Hewlett-Packard is extending its existing partnership with JBoss to support the open-source vendor's entire suite of enterprise middleware, HP is due to announce.
HP previously resold and supported JBoss Application Server worldwide. As of Tuesday, HP will resell and support the complete JBoss Enterprise Middleware Suite (JEMS) on a global basis, according to Christine Martino, vice president of open source and Linux at HP.
"This is a real enhancement to the relationship," Martino said in a recent phone interview. HP will support all JEMS products on the Linux and Windows operating systems as well as its own flavor of Unix, HP-UX 11i. HP's Linux support is for the two leading distributions of the open-source operating system from Red Hat Inc. and Novell Inc.
Under the terms of the deal, HP customers will have "one throat to choke" when it comes to JEMS support, consulting and integration services, Martino said. Having a company as large as HP supporting JBoss products gives customers a greater level of confidence when implementing open-source software. "Users have reached a comfort level with Linux," Martino said. "They're now looking at the middleware space."
JEMS includes JBoss Application Server, Hibernate, JBoss Portal and JBoss Cache. The company positions its middleware against that provided by IBM, BEA Systems and Oracle in the burgeoning market for tools to build service-oriented architectures (SOAs).
Under its Linux Reference Architecture (LRA) program, HP certifies components for an integrated software, services and hardware stack for Linux and open source. "LRA is a blueprint for how companies put together an integration strategy," Martino said. JBoss Application Server was already part of that stack and, as of Tuesday, the JBoss software will also become a component of HP-UX 11i Open Source Reference Architectures for Web Services.
"We will build out different types of stacks for different customers," Martino said. HP has more than 1,000 open-source partners, according to Martino, and intends to add in more certification of other open-source software to its LRA over time.
While HP has taken its relationship with JBoss to the next level, the company has yet to go the same route with its partnership with open-source database company MySQL AB. "We are not reselling MySQL to date," Martino said. MySQL is also a component of HP's LRA. HP first announced support for JBoss and MySQL in May 2004 when it unveiled partnership agreements with both open-source players on the same day.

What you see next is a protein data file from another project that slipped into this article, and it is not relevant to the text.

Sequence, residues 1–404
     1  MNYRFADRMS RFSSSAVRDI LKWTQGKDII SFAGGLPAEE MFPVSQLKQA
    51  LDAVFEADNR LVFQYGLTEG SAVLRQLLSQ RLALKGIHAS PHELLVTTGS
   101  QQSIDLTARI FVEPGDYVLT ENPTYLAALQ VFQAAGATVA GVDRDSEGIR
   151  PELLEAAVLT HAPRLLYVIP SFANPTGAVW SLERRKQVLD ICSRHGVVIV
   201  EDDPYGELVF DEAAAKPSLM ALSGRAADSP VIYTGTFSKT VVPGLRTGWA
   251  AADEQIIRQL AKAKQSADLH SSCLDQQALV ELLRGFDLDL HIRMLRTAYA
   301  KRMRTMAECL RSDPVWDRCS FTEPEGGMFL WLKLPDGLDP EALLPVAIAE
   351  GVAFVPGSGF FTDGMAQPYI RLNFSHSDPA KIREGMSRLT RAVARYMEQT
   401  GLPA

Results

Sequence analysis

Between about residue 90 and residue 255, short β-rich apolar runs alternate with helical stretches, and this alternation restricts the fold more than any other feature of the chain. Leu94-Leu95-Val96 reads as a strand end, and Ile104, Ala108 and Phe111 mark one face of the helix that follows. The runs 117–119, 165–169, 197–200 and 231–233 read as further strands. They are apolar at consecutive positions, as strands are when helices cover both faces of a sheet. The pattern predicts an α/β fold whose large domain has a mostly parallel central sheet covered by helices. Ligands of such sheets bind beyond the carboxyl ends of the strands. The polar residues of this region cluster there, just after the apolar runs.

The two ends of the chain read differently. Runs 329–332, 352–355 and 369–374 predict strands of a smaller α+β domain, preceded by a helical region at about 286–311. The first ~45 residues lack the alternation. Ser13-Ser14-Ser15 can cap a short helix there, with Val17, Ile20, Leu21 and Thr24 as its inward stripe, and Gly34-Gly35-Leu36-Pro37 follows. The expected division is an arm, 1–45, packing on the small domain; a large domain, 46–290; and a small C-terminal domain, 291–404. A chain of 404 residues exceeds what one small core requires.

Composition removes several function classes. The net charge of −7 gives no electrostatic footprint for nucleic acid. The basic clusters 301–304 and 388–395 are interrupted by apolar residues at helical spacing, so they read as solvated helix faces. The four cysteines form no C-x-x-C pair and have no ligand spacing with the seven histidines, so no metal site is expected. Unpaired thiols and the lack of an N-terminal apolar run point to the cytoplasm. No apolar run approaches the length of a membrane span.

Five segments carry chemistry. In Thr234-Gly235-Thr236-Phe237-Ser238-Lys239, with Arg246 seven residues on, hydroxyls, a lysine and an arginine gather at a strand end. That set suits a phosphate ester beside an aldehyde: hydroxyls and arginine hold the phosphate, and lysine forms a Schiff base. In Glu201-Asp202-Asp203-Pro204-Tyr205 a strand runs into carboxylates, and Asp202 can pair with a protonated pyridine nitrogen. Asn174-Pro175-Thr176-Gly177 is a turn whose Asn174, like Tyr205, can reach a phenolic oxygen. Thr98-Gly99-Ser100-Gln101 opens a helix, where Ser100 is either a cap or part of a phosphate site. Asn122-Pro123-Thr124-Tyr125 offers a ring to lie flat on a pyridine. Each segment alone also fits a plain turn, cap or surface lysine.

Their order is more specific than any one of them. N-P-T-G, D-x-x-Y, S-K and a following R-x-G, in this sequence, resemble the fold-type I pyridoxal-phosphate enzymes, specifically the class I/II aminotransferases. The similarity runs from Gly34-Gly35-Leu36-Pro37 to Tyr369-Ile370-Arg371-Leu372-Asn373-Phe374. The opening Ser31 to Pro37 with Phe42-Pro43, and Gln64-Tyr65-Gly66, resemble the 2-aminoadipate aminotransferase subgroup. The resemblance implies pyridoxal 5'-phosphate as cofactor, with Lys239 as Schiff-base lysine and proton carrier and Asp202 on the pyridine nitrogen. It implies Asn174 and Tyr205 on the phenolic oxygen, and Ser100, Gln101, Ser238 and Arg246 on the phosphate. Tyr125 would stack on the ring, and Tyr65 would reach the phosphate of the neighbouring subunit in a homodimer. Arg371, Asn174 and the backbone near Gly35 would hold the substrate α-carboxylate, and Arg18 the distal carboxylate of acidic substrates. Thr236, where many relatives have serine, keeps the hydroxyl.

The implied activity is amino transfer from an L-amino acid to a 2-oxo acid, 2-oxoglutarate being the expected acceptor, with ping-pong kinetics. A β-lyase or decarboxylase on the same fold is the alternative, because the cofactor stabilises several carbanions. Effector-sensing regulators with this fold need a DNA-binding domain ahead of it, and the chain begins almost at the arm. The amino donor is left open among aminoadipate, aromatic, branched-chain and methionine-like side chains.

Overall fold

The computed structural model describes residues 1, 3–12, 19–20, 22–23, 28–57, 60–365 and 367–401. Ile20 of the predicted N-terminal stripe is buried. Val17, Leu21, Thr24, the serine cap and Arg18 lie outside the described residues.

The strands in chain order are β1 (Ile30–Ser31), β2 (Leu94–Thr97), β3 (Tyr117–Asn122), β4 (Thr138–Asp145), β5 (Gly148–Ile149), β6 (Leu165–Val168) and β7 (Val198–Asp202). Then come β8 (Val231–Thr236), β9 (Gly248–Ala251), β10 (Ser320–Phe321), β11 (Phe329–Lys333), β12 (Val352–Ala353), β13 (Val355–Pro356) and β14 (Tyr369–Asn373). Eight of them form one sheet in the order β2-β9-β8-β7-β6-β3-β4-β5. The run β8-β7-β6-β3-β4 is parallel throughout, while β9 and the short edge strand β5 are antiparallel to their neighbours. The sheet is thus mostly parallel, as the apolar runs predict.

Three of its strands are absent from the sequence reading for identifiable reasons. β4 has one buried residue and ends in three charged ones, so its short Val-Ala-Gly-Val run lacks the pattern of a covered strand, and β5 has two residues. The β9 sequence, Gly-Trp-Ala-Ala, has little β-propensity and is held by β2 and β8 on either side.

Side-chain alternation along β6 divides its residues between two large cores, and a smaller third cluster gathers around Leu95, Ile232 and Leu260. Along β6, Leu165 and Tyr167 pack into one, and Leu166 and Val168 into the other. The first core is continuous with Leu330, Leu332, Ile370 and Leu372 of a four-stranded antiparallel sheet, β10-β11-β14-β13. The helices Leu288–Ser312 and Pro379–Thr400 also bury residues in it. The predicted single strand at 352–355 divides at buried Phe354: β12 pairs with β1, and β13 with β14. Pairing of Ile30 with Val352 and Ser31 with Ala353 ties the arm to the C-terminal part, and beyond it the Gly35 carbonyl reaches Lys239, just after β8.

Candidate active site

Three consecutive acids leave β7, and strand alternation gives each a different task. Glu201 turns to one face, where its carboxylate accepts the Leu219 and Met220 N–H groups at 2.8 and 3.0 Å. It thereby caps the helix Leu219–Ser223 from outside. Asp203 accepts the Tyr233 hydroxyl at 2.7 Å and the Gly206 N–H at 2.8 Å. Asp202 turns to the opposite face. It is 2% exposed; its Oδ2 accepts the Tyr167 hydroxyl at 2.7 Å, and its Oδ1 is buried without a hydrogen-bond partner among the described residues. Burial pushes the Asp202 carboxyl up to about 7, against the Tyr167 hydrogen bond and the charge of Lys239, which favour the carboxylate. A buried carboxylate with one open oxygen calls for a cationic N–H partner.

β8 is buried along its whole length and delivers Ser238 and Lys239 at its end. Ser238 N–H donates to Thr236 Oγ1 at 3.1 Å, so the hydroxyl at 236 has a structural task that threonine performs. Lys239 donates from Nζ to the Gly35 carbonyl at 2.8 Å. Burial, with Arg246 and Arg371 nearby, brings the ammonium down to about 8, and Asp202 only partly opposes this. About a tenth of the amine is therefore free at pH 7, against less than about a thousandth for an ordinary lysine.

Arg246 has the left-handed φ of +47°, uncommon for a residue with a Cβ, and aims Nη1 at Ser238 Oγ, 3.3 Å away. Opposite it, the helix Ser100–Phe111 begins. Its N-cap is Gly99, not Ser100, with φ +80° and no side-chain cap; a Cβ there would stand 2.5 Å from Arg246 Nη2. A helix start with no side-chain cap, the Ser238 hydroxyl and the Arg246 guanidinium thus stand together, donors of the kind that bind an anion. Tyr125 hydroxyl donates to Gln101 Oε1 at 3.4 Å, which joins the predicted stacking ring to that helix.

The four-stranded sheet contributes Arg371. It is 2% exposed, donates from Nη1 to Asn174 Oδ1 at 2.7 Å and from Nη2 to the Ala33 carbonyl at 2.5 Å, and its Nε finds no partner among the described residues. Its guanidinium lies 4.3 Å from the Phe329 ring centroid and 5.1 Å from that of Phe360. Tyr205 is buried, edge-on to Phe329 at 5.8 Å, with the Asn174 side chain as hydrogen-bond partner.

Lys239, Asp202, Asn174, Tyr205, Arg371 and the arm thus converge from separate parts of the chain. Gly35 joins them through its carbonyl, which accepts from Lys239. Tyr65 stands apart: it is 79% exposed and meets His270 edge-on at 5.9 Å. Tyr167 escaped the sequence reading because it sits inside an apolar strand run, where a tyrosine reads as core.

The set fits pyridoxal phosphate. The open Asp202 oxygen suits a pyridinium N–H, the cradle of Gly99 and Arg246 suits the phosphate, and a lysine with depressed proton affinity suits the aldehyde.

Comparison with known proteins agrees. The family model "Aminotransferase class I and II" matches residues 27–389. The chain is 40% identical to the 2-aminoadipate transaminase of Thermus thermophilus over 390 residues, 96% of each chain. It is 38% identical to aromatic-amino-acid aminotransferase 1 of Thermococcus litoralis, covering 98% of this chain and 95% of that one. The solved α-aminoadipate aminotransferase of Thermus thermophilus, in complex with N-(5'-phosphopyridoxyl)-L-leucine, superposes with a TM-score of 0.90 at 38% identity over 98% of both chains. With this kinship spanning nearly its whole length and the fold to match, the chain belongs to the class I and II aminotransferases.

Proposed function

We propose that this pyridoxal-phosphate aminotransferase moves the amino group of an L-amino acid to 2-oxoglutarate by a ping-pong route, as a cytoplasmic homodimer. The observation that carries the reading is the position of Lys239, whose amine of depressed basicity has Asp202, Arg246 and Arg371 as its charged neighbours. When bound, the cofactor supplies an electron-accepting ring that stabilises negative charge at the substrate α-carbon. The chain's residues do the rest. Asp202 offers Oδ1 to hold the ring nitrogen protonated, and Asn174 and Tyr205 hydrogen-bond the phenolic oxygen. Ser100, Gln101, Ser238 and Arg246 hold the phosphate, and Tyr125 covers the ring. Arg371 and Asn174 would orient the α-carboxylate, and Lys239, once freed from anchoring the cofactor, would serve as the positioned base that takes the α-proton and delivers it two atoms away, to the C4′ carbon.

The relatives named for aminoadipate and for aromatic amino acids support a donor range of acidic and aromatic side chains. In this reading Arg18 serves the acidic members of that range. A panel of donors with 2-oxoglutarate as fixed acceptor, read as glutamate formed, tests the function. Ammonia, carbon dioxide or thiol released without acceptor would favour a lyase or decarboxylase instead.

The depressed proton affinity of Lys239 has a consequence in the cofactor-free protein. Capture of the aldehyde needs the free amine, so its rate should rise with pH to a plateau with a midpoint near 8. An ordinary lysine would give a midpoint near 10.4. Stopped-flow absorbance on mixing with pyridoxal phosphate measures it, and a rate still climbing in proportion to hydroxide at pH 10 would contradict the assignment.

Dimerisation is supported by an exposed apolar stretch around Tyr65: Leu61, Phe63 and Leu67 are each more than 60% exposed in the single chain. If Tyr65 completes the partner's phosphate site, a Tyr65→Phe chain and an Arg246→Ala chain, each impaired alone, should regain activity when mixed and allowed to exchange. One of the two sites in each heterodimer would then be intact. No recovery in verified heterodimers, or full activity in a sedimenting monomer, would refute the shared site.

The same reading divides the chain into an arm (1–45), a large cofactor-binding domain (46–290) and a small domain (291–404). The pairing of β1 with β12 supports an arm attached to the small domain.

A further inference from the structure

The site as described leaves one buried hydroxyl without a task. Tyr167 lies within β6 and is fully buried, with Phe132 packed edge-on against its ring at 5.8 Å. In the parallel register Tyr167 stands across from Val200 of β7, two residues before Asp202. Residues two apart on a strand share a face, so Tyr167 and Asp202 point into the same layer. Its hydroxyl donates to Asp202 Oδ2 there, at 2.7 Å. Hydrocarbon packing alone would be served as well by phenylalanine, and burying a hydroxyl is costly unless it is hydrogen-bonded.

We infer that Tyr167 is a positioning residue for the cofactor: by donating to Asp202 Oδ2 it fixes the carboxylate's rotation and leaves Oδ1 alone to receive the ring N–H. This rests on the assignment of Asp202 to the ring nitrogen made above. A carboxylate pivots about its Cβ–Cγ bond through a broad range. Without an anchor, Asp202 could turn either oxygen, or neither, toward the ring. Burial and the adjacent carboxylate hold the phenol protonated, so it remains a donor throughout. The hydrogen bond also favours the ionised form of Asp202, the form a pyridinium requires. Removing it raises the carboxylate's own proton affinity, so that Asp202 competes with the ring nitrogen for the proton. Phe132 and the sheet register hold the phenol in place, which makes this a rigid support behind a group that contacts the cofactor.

In December, JBoss acquired transaction monitoring technology from HP and Arjuna Technologies.
Martino, a long-time HP executive, became the company's open source and Linux vice president in November 2005. She hopes her strong business and operational background will work well in continuing to execute on HP's existing open-source strategy. Her division acts as the "central point for knowledge about Linux and open source" within HP, she said.
The open-source and Linux division's remit includes work on enabling Linux to run on HP Integrity servers as well as acting as a doorway to the external open-source community. Its staff number in the "low hundreds," according to Martino, although she estimates that "thousands" of HP employees across the company are involved in some way with open source and Linux.
HP is keenly watching the development of the next version of the GNU general public license, GPL version 3, according to Martino. She was planning to attend the First International Conference for GPLv3, a two-day conference at the Massachusetts Institute of Technology (MIT), running through Tuesday. The Free Software Foundation released the initial draft of GPL 3 Monday at the conference. GPL is the most popular license for distributing free and open-source software.
"We're a big GPL proponent," Martino said. "We're the only major vendor who's not seen the need to have our own license." Her hope is that GPL 3 will help to unify the open-source community still further, she added.
In August 2005, Martino's predecessor Martin Fink called on IBM and Sun Microsystems to abandon their own open-source licenses and back GPL. Fink warned of potential incompatibility issues arising from having too many open-source license types.